Members of the armed forces who possess a security clearance have worked hard to prove they can be trusted with our country’s most sensitive information.  Most do not realize their irresponsible money habits, specifically delinquent debt, may cause their clearance to be revoked…potentially ending their career.   When service members initially complete the clearance process, they’re typically in the first half of their career and have not yet accumulated much debt.

To maintain your clearance, a periodic reinvestigation (PR) is done every 5 years for TOP SECRET, 10 years for SECRET, and 15 years for CONFIDENTIAL.  However, military personnel and civilian DoD employees may be subjected to a reinvestigation at any time!  Having worked with both military and DoD civilians through the very stressful and often embarrassing process of responding to a denial – your command is made aware and you’ll typically lose access to work files – I felt it important to share information on this unspoken reality.

If you or someone you know has received a Letter of Intent (LOI) to deny security clearance with an attached Statement of Reason (SOR), it’s critical you take the following steps immediately.

1. Respond on time!

The LOI has a response deadline, which is usually 10 calendar days from the date of receipt, or the decision to deny will become final.  You will also have 30-60 days to respond to the SOR.  Follow the directions exactly to ensure your responses are received on time.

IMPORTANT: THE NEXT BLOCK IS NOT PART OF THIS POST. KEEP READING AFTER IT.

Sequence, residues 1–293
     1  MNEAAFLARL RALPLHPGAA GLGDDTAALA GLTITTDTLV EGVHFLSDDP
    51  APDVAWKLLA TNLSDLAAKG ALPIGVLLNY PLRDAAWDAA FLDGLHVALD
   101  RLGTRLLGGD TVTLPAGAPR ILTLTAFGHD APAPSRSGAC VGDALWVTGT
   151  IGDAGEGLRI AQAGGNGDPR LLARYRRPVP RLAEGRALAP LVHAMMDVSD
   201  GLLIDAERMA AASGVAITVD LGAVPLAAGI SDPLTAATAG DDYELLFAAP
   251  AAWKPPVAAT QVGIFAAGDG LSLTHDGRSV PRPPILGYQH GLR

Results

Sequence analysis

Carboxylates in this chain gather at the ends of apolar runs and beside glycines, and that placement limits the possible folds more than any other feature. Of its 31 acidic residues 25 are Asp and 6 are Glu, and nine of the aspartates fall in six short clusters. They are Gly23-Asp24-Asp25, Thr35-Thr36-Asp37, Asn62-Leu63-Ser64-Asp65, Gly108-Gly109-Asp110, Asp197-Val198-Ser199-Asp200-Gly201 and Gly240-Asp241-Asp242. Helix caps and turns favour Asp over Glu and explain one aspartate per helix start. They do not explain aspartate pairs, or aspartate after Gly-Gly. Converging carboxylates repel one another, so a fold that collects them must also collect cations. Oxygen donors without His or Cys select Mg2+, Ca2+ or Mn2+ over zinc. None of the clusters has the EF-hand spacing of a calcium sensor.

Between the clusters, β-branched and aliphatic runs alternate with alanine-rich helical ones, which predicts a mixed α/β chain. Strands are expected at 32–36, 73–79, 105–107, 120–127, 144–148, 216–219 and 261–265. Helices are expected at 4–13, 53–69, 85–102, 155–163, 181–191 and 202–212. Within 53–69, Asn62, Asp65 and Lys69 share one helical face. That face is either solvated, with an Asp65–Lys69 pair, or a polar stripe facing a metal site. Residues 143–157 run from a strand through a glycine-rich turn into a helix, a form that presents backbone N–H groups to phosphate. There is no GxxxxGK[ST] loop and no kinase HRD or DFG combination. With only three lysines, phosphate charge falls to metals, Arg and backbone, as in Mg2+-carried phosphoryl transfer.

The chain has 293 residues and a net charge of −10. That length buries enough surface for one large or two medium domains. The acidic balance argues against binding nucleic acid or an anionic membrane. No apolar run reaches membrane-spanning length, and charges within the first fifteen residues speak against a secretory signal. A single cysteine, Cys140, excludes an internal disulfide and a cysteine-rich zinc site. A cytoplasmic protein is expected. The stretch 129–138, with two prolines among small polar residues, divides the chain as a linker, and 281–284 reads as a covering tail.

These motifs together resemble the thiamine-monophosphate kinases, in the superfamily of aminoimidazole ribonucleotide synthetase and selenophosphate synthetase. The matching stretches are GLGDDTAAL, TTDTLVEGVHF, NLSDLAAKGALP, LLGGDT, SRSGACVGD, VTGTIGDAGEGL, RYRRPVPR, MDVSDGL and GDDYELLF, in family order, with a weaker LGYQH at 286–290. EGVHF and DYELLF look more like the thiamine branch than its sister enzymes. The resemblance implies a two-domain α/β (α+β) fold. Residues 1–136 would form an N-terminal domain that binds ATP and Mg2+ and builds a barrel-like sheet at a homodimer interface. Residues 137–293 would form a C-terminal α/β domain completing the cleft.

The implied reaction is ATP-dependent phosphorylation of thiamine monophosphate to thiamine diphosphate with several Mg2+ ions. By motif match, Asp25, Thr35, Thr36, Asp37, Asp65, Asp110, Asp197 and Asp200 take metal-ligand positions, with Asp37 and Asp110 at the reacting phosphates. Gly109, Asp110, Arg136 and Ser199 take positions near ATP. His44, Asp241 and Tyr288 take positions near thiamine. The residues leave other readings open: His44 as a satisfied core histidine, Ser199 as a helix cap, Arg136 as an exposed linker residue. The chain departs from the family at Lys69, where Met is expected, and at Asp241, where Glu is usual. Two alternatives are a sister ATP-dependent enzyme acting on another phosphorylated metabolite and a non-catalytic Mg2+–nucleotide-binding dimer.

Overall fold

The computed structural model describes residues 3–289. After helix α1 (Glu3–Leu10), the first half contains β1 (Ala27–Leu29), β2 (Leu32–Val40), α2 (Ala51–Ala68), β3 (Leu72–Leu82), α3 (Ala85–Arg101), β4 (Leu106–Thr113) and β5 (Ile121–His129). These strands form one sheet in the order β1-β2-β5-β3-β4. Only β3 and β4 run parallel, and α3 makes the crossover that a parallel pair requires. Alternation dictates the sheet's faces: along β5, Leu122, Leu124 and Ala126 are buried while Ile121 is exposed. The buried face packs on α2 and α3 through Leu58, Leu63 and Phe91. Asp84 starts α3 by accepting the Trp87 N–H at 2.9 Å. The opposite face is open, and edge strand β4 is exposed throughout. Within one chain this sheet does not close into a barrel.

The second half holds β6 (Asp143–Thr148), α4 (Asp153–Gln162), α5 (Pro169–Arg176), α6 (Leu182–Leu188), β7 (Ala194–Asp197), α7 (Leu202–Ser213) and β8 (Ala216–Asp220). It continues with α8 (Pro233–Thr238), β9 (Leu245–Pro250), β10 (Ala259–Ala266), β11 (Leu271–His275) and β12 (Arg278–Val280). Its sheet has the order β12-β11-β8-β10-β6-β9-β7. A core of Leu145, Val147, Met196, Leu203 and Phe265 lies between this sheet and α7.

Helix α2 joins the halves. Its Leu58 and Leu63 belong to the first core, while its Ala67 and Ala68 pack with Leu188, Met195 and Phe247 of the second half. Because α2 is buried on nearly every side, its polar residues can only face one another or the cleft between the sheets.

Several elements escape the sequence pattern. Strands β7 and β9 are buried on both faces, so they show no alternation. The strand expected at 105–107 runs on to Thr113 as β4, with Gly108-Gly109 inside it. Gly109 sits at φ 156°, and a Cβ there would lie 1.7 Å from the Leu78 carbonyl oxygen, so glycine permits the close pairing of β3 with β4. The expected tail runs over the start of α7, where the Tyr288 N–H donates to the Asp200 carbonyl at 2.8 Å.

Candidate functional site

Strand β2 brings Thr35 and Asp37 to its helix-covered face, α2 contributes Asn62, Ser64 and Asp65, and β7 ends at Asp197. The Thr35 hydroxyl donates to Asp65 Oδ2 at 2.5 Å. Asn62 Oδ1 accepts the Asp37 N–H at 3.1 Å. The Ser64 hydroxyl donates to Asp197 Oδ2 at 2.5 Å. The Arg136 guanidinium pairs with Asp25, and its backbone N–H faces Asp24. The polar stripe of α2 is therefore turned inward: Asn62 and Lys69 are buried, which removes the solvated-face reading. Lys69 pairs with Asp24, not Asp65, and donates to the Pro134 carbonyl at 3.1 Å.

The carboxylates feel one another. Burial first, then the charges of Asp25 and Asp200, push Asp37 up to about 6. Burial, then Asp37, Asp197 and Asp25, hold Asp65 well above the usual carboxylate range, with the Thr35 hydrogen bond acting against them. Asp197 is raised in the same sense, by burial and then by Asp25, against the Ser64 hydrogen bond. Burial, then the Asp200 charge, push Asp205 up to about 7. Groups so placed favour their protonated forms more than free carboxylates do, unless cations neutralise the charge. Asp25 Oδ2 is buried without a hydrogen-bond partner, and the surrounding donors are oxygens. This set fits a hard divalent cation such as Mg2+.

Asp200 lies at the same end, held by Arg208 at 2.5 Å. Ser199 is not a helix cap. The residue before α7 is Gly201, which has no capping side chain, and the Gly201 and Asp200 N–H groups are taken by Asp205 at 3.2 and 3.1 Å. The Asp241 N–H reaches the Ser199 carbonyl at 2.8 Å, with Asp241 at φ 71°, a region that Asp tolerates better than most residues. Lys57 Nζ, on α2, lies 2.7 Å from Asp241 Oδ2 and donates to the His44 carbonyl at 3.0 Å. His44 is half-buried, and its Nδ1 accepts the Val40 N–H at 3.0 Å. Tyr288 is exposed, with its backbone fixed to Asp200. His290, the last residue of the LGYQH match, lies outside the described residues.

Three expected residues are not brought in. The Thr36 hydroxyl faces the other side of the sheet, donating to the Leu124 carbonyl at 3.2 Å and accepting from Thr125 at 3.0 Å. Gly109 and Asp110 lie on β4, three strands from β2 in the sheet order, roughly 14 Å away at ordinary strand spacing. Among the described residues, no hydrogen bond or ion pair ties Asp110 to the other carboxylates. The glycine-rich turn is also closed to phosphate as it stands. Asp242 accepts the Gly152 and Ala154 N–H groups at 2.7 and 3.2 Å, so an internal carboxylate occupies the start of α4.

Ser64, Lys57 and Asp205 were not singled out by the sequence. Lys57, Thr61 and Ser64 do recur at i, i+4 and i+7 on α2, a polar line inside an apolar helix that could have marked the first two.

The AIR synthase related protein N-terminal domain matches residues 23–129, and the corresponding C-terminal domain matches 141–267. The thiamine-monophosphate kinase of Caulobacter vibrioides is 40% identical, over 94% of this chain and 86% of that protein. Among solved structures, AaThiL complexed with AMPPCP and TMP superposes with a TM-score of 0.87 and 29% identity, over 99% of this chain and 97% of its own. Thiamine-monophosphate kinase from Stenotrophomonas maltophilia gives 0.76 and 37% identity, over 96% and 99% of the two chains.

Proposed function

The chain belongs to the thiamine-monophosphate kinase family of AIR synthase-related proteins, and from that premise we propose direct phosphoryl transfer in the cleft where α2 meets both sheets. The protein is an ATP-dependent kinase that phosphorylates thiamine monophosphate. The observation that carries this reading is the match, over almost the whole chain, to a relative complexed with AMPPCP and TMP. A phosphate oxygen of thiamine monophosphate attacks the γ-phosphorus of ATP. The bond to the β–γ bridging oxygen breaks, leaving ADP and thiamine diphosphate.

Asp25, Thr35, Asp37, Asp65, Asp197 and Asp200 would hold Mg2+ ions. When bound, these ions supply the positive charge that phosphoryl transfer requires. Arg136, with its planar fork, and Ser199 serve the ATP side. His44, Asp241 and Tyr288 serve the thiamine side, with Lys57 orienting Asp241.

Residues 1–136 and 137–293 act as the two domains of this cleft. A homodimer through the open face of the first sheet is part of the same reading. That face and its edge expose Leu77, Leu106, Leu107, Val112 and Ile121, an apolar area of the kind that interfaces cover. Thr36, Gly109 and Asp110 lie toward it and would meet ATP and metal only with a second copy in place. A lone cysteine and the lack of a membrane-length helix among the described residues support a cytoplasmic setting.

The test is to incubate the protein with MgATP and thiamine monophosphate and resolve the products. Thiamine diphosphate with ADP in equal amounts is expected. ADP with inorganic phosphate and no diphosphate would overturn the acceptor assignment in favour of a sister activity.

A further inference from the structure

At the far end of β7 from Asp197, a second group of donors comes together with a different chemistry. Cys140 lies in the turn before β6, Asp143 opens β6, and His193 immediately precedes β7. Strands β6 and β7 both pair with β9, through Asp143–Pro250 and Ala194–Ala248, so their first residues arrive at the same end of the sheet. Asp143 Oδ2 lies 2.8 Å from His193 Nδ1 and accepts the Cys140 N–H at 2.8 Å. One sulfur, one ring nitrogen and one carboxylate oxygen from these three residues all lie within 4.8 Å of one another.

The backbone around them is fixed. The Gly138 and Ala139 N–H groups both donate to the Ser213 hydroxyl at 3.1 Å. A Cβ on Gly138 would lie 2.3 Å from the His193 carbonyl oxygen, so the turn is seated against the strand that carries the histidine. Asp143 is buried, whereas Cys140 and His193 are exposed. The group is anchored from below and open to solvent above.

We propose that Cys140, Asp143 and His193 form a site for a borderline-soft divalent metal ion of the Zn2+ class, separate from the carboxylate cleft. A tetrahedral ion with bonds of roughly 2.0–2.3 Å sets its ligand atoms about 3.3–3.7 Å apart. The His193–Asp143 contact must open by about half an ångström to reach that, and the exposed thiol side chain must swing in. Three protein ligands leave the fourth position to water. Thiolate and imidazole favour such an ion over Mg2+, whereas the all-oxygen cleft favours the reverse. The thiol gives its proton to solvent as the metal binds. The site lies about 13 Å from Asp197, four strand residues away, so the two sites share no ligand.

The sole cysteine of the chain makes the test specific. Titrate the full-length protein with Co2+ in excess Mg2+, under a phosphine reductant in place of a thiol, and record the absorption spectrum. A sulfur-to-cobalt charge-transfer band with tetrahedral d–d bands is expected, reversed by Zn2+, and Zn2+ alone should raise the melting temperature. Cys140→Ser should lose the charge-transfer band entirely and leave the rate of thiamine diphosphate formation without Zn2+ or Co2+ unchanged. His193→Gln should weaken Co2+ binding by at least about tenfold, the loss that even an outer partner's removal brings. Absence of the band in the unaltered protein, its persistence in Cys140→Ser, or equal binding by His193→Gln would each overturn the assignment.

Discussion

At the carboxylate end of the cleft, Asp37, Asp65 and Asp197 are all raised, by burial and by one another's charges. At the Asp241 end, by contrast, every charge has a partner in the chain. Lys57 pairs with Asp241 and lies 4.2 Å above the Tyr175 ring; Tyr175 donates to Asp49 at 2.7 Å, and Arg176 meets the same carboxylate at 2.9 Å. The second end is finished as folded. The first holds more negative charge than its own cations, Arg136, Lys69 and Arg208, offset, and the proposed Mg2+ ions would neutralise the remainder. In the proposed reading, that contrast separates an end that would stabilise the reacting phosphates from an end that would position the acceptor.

2. Seek professional help!

Roughly 75% of rebuttals are denied, potentially resulting in a lengthy appeals process.  Military installations offer free support via their financial and legal counselors.  These professionals have experience and access to the resources required to help you navigate this process successfully.

3. Check your credit report!

Go to to obtain a free, current copy of your credit report from all three bureaus; TransUnion, Equifax, and Experion.  Often times the creditors and amounts in question on your SOR are not up to date and can easily be disproven.

4.  Answer every item in detail!

Rebuttal remarks like, “It’s not mine”, “I was deployed”, and “Already paid off” are not adequate and will more than likely result in a denial.  Take the time to clearly address every item and include proof to support your answer.  Enclosures should be included, as needed, for each.  Proof may include letters showing the creditor could not verify the debt, military orders showing dates you deployed or PSCed, canceled checks showing evidence of payment, and payment agreements made with creditors.

5.  Include a cover letter!

If you have been working closely with a professional or your command/supervisor, ask them to include a statement addressing your willingness to seek help and why the behavior is not likely to reoccur.